Probably. And that can be a good thing for you. Although in an ideal situation, you nailed everything about the assignment, and read your editor’s mind with every tip you provided, as well as their tone and voice in the first shot, the chances of that happening are low. (If you don’t see edits, you might not know what happened to your copy after you turned it in and what it’s going to look like when it goes to print or live.) When you write for national print magazines, there are often a few rounds of edits as well as a fact checker and copyeditor. A small staff at a busy online publication might not have any questions or comments. An agency who’s working on behalf of a client will likely have edits and then you may have more to do once the client sees the copy. All of this is totally fine and part of the process of freelancing for clients. But it’s helpful to understand and learn from these edits so you can do better and incorporate them into the next few articles. Eventually, your writing should get faster and the editing process minimized as you keep working with a client. This means your hourly rate as a freelancer will go up. Here’s how many hours freelancers work each week.
Whenever I’m working with a new client, I try to request pay within net 30 (30 days of submitting the invoice) if possible. I at least ask the editor or accounting department what the average length of time it takes to get paid is. I note this in my Google freelance spreadsheet so I know around when to expect a check or direct deposit. I’d venture to say about 30 percent of the time with my clients, something happens in this process and my payment is late. An invoice is lost. Someone didn’t process my “new hire paperwork.” A member of the accounting department was fired. Someone mistyped an address or account number. It always seems to be a work in progress when it comes to getting paid by new clients. (And I’m not even addressing that fun period where you’re wondering ‘Are they legit? Will they pay me?’) You don’t want to go through this process 10 times a month with new clients. Learn more about how to make more money freelancing.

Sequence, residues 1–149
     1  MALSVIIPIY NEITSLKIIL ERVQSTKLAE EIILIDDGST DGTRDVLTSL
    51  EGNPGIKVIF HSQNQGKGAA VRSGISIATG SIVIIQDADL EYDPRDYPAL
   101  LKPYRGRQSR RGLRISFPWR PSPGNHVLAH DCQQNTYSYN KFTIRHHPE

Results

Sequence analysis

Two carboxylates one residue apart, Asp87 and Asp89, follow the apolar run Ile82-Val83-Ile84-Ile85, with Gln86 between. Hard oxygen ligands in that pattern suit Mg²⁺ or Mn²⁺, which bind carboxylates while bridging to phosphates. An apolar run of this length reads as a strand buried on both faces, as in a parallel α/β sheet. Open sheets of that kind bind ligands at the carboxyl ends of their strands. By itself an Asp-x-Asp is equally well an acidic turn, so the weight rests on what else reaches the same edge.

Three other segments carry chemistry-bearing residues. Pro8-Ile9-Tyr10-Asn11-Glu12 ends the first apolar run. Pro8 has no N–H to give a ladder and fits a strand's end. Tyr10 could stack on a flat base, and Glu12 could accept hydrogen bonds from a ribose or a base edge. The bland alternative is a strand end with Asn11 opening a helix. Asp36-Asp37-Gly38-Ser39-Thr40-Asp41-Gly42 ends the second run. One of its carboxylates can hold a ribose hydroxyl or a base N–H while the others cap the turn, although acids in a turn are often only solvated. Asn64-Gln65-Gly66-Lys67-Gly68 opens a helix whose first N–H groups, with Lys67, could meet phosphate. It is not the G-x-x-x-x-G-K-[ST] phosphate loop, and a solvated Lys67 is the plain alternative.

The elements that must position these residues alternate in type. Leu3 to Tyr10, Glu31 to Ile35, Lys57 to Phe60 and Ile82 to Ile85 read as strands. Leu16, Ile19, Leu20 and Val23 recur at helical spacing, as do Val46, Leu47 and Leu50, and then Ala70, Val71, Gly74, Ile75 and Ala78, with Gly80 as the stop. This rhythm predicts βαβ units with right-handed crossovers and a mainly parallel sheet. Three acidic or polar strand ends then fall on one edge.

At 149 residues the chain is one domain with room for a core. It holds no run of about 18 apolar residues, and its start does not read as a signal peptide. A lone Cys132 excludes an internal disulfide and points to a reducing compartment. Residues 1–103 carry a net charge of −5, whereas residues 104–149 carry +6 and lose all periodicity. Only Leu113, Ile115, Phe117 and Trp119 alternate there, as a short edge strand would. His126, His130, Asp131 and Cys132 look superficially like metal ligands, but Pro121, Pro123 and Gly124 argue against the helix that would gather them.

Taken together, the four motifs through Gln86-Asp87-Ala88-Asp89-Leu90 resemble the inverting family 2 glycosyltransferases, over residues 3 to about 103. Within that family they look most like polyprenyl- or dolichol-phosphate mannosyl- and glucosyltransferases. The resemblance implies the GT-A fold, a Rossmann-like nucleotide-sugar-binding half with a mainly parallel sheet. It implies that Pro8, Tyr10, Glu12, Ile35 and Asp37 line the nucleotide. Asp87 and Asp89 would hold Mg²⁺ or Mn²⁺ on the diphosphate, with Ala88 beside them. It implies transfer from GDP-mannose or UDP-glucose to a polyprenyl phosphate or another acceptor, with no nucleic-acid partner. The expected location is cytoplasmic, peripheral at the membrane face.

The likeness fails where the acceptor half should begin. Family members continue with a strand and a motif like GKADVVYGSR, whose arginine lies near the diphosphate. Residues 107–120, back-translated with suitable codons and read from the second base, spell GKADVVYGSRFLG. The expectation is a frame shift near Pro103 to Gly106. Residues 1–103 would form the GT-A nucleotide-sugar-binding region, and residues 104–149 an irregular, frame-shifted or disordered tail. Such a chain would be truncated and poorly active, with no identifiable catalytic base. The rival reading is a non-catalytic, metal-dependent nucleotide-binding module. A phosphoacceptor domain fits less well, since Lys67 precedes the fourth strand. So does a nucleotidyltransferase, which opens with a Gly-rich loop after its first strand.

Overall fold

I’m not saying I don’t ever want an assignment with an editor or company for an article when they can’t promise me multiple articles at once, but, when you want to grow your business to a great income or even six figures, you’ll get there much faster with repeat assignments from clients.
To make your job as a freelancer easier and more profitable, turn in excellent work that will make an editor want to work with you again. Foster those writer-editor relationships so you’re someone an editor wants to keep working with again and again. Remember, they’re investing time in you as well so it makes sense for both parties if this is a fruitful and lasting relationship.
If you like this advice for intermediate freelancers, contact me about one-on-one coaching and how to improve editor relationships so you can get more work and repeat assignments.
Tags: article ideas, article writing advice, business, content strategy, freelance, freelance rates, freelance writer, freelance writing, freelance writing advice, freelancing, how to make more money, making six figures freelancing, productivity, time management, writing rates